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Good Lessons in One Graceful Failure

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You may heave heard by now that the P2P startup AllPeers shut down yesterday, which cofounders Matthew Gertner and Cedric Maloux announced in this empassioned blog post.

The reasons why AllPeers went bust are all too familiar — the interests/expectations of the founders apparently weren’t aligned with those of the investors. This was confirmed in a response to a query from Gigaom’s Liz Gannes yesterday.

But in Matt’s impressively cool-headed email, you’ll find a founder’s optimism that is worth modeling, too — especially in its emphasis on what still can be done with the product(s) of AllPeers’ “crazy dream.”

Basically our investors had certain expectations in terms of user base growth. We were very happy with the adoption of the product but they weren’t… The source code for our client is already open source, and we’re planning to put it up on an independent site like SourceForge or Google Code in case it can be of use to others.

There’s more silver lining here. We actually learned of AllPeers’ news first through Seesmic founder, Loic Le Mur’s blogpost entitled “The positives of an entrepreneur failing,”

It goes without saying that we think Loic has the right attitude here. Among the “positives” Loic takes from his friend Cedric’s momentary setback:

* Cedric, you have learnt a lot, possibly more than if you had succeeded
* I am sure you will come back later with another idea of business
* the important is to keep trying to be on the move, to do things
* do not listen to anybody who laughs at you, you tried, you did great things, and they probably never did
* it could happen to any entrepreneur and I have a lot of respect for what you did
* it is always interesting to understand why. [this idea didn’t work this time] I am not sure in this case, the idea was pretty good. Too early, no business model ? Unsure.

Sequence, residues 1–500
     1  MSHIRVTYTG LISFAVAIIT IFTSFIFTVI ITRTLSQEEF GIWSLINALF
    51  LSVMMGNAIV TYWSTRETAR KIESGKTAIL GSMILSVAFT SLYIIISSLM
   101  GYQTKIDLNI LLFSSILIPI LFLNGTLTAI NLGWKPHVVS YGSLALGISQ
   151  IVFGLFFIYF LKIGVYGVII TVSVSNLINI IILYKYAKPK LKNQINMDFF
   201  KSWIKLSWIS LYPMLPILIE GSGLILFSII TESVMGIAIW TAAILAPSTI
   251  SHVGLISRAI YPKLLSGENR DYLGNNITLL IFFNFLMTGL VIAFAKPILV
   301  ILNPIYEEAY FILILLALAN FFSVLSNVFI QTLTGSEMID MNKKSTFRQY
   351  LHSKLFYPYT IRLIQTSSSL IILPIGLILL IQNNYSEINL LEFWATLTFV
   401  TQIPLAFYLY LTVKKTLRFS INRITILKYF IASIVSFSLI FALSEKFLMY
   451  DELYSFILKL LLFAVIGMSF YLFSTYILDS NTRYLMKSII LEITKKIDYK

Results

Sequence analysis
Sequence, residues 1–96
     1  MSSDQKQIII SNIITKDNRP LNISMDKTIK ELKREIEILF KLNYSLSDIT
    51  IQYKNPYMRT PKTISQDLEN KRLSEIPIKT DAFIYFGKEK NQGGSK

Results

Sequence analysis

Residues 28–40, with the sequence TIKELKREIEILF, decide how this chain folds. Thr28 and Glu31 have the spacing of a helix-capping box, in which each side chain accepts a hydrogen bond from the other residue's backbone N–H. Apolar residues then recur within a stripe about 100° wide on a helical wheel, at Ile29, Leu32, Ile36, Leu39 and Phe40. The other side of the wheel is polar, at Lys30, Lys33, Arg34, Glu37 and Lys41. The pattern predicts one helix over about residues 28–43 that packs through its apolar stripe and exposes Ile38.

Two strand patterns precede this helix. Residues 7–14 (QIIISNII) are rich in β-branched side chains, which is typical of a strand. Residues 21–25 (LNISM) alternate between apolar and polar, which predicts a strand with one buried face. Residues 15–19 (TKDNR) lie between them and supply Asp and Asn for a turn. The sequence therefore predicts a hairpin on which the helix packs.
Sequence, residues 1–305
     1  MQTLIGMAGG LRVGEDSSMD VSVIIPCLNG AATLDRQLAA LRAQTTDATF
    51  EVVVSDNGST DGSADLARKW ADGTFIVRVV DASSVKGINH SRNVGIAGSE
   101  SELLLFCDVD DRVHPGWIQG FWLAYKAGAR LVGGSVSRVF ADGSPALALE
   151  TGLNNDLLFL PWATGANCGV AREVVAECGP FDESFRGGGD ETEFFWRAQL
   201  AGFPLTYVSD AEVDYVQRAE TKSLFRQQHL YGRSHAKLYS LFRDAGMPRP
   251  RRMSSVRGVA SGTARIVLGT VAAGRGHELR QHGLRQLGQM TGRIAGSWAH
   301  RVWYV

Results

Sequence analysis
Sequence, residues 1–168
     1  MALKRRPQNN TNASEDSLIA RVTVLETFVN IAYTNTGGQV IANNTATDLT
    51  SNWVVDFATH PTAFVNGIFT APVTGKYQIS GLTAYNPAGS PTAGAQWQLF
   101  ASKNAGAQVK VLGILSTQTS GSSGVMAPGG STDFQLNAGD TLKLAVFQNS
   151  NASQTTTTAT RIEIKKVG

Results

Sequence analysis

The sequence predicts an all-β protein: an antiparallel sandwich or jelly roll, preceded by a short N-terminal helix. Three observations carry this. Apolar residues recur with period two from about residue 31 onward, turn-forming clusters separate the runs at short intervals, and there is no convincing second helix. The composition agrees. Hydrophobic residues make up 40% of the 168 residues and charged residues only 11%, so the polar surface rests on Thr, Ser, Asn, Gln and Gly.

We enourage you to go back and read the comments on Loic’s post, too.

Remember Cedric and Matt, founders, if/when you’re faced with the decision to shut down your own company one day. It’s nice that they’ve maintained the perspective that there is always something to be gained from such defeats — even more, perhaps, as Loic argues — than from the victories we seek.

4 Responses to “Good Lessons in One Graceful Failure”

  1. Carleen. I know that this quote is used a lot, but it sits above my desk:
    “It is not the critic who counts; not the man who points out how the strong man stumbles, or where the doer of deeds could have done them better. The credit belongs to the man who is actually in the arena, whose face is marred by dust and sweat and blood; who strives valiantly; who errs, who comes short again and again, because there is no effort without error and shortcoming; but who does actually strive to do the deeds; who knows great enthusiasms, the great devotions; who spends himself in a worthy cause; who at the best knows in the end the triumph of high achievement, and who at the worst, if he fails, at least fails while daring greatly, so that his place shall never be with those cold and timid souls who neither know victory nor defeat.”
    Teddy Roosevelt